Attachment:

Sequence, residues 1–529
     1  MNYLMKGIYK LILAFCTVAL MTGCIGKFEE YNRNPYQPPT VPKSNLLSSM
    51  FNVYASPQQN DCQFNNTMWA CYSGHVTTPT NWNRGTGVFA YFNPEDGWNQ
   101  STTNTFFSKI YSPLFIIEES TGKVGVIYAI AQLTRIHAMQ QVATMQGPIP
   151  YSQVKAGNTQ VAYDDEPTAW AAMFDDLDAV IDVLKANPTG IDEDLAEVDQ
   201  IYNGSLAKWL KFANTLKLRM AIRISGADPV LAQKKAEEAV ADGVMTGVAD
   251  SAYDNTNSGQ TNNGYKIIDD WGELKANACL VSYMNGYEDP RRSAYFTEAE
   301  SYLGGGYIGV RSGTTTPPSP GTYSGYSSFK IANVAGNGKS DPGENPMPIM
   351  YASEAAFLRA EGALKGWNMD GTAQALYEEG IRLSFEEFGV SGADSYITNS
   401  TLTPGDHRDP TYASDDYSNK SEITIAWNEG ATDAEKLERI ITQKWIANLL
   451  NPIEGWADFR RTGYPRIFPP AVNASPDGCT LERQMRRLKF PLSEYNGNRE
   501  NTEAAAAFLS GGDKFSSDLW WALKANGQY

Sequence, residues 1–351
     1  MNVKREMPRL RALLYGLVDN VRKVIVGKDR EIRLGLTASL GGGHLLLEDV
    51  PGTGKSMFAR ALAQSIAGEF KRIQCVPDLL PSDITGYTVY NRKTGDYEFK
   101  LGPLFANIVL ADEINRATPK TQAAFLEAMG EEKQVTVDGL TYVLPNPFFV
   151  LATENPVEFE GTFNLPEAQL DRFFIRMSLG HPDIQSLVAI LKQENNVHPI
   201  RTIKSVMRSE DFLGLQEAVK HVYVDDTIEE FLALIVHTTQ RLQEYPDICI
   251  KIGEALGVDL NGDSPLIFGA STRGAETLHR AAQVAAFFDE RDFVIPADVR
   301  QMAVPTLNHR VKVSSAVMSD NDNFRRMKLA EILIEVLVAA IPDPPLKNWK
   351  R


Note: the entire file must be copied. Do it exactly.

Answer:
Sequence, residues 1–529
     1  MNYLMKGIYK LILAFCTVAL MTGCIGKFEE YNRNPYQPPT VPKSNLLSSM
    51  FNVYASPQQN DCQFNNTMWA CYSGHVTTPT NWNRGTGVFA YFNPEDGWNQ
   101  STTNTFFSKI YSPLFIIEES TGKVGVIYAI AQLTRIHAMQ QVATMQGPIP
   151  YSQVKAGNTQ VAYDDEPTAW AAMFDDLDAV IDVLKANPTG IDEDLAEVDQ
   201  IYNGSLAKWL KFANTLKLRM AIRISGADPV LAQKKAEEAV ADGVMTGVAD
   251  SAYDNTNSGQ TNNGYKIIDD WGELKANACL VSYMNGYEDP RRSAYFTEAE
   301  SYLGGGYIGV RSGTTTPPSP GTYSGYSSFK IANVAGNGKS DPGENPMPIM
   351  YASEAAFLRA EGALKGWNMD GTAQALYEEG IRLSFEEFGV SGADSYITNS
   401  TLTPGDHRDP TYASDDYSNK SEITIAWNEG ATDAEKLERI ITQKWIANLL
   451  NPIEGWADFR RTGYPRIFPP AVNASPDGCT LERQMRRLKF PLSEYNGNRE
   501  NTEAAAAFLS GGDKFSSDLW WALKANGQY

Sequence, residues 1–351
     1  MNVKREMPRL RALLYGLVDN VRKVIVGKDR EIRLGLTASL GGGHLLLEDV
    51  PGTGKSMFAR ALAQSIAGEF KRIQCVPDLL PSDITGYTVY NRKTGDYEFK
   101  LGPLFANIVL ADEINRATPK TQAAFLEAMG EEKQVTVDGL TYVLPNPFFV
   151  LATENPVEFE GTFNLPEAQL DRFFIRMSLG HPDIQSLVAI LKQENNVHPI
   201  RTIKSVMRSE DFLGLQEAVK HVYVDDTIEE FLALIVHTTQ RLQEYPDICI
   251  KIGEALGVDL NGDSPLIFGA STRGAETLHR AAQVAAFFDE RDFVIPADVR
   301  QMAVPTLNHR VKVSSAVMSD NDNFRRMKLA EILIEVLVAA IPDPPLKNWK
   351  R